LINES 1,799 – 1,913 : The Geats leave for home
Beowulf returns the sword Hrunting to Unferth, being diplomatic about the
futility of using this weapon against Grendel’s mother.
He thanks Hrothgar for his hospitality and Hrothgar embraces Beowulf warmly,
fearing they will not meet again.
Beowulf invites Hrothgar’s son, Hrethric to visit the land of the Geats.
The Geats’ boat is loaded with the treasure given by Hrothgar, and with
favorable winds they soon approach their homeland.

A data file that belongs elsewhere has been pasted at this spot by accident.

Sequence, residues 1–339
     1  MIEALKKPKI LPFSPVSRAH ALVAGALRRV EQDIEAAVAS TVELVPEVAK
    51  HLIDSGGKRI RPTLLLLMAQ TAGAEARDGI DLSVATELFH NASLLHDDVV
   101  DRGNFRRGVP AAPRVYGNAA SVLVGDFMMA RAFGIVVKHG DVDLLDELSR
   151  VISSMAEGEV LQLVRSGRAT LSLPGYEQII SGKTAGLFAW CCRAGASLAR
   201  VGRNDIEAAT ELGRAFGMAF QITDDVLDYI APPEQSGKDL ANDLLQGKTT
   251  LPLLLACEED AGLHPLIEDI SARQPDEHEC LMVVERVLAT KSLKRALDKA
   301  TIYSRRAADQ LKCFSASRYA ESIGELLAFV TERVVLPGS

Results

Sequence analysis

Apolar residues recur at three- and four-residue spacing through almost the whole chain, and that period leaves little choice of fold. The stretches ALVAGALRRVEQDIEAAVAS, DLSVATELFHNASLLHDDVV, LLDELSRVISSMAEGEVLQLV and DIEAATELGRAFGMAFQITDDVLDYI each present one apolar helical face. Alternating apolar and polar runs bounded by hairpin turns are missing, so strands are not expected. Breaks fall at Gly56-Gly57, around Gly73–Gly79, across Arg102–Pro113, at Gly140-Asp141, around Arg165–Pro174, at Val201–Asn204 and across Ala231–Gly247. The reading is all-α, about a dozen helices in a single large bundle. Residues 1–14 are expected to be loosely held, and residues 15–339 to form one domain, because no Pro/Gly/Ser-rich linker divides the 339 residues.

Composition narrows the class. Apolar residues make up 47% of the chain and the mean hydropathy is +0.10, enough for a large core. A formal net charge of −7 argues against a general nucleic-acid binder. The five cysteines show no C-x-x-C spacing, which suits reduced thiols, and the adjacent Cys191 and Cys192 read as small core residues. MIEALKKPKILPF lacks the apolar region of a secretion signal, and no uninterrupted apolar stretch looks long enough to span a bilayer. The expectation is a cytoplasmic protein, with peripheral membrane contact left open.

We see a diplomatic side to Beowulf.
He is keen for the two nations to be close allies, and so he makes the gesture of returning the famous sword Hrunting to its former owner.
Although the parting of Hrothgar and Beowulf is full of emotion, it is not
in the least romantic, as you would see in other epics, such as Homer’s ‘The Iliad’, or the Roman works, and this poem keeps its strong masculine feel.
The reader now fully appreciates the reputation of this special sword
Hrunting. Although not of the fame of Excalibur it is still a strong token of victory, and provides the warrior who wields it with great superiority.